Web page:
And as somebody with bad dice luck, I really appreciate that you can’t miss your attack. Granted that one damage isn’t going to bring the boys to the yard, but Kelis’ milkshakes are apparently just better than my rolling poorly. Overall while playing it reminded me a little bit of the boss battles in MMO’s where there are often special tactics needed to win and you needed people to tank the boss, heal the tank, damage the boss, and deal with the riff-raff.
But, much like running into a new dungeon with a bunch of newbs without knowing the strategy, there was one encounter that I absolutely hated and it felt like a slog of managing a nuisance mob spawning, beating some McGuffins so I could hit the boss with anything better than white dice. And the boss kept respawning the McGuffins putting us into a very elongated loop of wasting time not hitting the boss to get only have the McGuffin respawned before paying any dividends for defeating it. Sure, it was bad luck that caused that respawn three times in a row within a turn of taking it out, but it was demoralizing. We eventually gave up, read the failure text, and moved on.
Luckily the encounter after that restored my faith and was challenging but fun. But noticing that by not getting the success+ results (along with a couple of fails) has me wondering if we’ve unintentionally selected hard mode as we proceed forward short on money, perks, and items. And while I really enjoy the fail forward aspect of the game, does there become a point where it just becomes too hard? So far the answer is no in Act I. Each encounter has its own unique rules that usually revolve around the boss’ behavior and some new mechanic they’re unleashing on you. This keeps the game interesting but is also an opportunity to miss some rules every time you play.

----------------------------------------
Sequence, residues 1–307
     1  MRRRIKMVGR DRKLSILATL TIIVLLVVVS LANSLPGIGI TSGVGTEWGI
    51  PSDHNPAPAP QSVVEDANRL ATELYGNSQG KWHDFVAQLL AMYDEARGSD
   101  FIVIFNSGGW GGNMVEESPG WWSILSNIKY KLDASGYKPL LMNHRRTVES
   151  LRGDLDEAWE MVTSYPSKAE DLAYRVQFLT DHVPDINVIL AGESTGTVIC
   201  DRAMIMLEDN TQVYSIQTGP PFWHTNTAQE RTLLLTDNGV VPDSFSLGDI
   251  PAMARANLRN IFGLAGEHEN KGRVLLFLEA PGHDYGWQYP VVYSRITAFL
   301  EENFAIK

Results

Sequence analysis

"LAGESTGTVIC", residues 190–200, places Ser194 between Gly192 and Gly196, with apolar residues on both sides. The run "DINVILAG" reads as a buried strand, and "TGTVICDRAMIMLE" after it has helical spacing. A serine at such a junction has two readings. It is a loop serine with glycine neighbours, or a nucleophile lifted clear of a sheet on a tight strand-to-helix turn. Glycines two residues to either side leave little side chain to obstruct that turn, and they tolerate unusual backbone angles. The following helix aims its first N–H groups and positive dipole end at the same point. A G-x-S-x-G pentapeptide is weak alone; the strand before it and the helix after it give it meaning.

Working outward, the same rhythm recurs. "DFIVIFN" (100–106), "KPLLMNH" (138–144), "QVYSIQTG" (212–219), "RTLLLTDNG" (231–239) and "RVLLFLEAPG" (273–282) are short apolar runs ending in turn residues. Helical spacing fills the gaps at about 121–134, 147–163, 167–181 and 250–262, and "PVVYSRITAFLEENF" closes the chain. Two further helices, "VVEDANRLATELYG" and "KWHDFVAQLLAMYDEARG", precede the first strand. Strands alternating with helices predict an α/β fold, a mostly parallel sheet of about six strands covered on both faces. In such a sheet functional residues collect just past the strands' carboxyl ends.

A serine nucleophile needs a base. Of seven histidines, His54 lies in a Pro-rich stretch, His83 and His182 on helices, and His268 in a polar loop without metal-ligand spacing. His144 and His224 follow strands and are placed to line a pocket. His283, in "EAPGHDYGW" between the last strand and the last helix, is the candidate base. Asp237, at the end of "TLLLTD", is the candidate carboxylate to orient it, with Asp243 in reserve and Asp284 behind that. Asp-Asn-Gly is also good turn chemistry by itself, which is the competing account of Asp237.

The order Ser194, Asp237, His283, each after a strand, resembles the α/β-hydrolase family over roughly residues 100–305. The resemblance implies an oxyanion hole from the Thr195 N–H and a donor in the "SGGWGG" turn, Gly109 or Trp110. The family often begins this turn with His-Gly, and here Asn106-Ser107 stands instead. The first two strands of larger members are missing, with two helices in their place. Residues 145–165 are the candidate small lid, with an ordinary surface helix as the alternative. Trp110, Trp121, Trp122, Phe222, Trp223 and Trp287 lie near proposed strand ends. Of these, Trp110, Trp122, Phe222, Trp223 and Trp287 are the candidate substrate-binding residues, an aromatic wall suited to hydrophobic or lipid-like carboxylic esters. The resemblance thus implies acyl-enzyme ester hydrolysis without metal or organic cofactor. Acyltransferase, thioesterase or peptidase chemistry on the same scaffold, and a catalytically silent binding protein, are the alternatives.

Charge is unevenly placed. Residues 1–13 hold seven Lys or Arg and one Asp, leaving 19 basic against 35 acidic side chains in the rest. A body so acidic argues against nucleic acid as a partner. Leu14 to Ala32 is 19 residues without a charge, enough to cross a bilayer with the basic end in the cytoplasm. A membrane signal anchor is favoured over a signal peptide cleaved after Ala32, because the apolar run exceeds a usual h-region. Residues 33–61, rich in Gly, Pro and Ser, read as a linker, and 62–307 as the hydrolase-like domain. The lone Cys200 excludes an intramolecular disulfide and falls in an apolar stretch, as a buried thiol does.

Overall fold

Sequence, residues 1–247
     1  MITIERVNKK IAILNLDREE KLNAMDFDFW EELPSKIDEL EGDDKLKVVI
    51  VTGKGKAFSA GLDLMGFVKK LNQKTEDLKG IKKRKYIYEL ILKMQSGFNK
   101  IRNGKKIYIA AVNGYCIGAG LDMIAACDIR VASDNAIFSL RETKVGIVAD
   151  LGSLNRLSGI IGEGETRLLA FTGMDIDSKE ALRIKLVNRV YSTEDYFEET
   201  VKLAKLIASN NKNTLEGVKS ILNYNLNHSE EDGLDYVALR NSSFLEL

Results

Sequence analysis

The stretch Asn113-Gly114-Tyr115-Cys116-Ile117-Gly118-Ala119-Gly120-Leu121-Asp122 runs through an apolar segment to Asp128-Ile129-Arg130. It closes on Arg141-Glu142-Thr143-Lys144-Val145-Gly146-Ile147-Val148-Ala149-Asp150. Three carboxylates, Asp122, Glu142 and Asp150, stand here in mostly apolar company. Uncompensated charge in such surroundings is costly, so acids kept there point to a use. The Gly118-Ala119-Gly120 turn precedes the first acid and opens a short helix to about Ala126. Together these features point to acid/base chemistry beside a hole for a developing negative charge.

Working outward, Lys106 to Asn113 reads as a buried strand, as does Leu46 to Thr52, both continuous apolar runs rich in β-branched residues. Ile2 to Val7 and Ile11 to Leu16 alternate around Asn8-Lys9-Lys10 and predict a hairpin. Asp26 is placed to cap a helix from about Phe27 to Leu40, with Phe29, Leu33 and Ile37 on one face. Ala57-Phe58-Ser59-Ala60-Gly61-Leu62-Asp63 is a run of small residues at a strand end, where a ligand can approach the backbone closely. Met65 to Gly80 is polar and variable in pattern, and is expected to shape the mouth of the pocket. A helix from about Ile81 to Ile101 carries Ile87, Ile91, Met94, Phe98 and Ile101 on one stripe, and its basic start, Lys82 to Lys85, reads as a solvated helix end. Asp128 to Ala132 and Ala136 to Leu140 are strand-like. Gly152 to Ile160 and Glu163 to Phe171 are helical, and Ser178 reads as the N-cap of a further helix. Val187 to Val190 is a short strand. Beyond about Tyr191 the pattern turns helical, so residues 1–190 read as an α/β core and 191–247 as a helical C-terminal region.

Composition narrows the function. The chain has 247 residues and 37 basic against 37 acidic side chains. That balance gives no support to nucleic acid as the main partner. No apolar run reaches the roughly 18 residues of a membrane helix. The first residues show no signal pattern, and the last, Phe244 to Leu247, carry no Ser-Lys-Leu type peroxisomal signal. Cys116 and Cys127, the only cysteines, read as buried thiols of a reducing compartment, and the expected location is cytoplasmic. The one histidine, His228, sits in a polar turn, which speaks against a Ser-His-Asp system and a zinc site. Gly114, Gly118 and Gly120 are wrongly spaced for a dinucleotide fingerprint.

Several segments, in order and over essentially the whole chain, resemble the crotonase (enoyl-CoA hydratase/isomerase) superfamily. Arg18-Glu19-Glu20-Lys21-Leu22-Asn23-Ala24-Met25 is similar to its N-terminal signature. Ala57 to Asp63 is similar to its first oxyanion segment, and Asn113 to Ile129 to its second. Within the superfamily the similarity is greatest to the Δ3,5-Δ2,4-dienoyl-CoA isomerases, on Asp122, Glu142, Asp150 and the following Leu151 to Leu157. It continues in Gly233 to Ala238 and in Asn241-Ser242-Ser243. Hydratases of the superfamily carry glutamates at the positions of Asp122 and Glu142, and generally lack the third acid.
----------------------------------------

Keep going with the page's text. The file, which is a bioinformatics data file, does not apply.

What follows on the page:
The game comes with minis and standees for the heroes and their summons and standees for the enemies. While I typically prefer minis over standees I prefer the standees here as the minis are significantly smaller. Another advantage is as you take on elite classes the standees can be swapped to match your new look. The only downside is there’s only one character shown for each elite class, so my elderly white male wizard just became a young black female warlock who’s a twin of the Bishop.
Leveling up after each encounter is awesome. Gaining gear (from encounters) and new abilities (leveling up) is fun and getting to plan out what you want your character to be when they grow up is interesting. And since you can’t try all the combinations, I think that’s where a lot of the replay value comes in. There are some branching paths that also add to the replay value as you can try different things and see how those encounters go but I’m presuming that it’s largely the same with a few short or long cuts around specific encounters.
One of my biggest complaints with Adventure Tactics is fitting the game back into the box. I have yet to get it all in without a small amount of box lift and that’s still with one of the tuck boxes for the heroes still flattened. Organizing the game also takes some time and some cards aren’t intuitive where you’d find them when instructed to. I was expecting story perks to have the header of the same color in the book (yellow) but they’re just perks (blue or red).
Despite the cartoony art style, Adventure Tactics is not a kid’s game—t’s a bright and vibrant boss battler that could be a good fit for fans of the genre. While I enjoyed the battles and narrative leveling up after each one was my favorite part as I mix and matched the starting classes to build up to a unique elite class.
Final Score: 4 Stars – This fun tactical skirmish/boss battler game features constant leveling up to uniquely build your characters
• Large box seems a tad too small
• That one mission that sucked the fun out of the room
• Minis and standees are vastly different sizes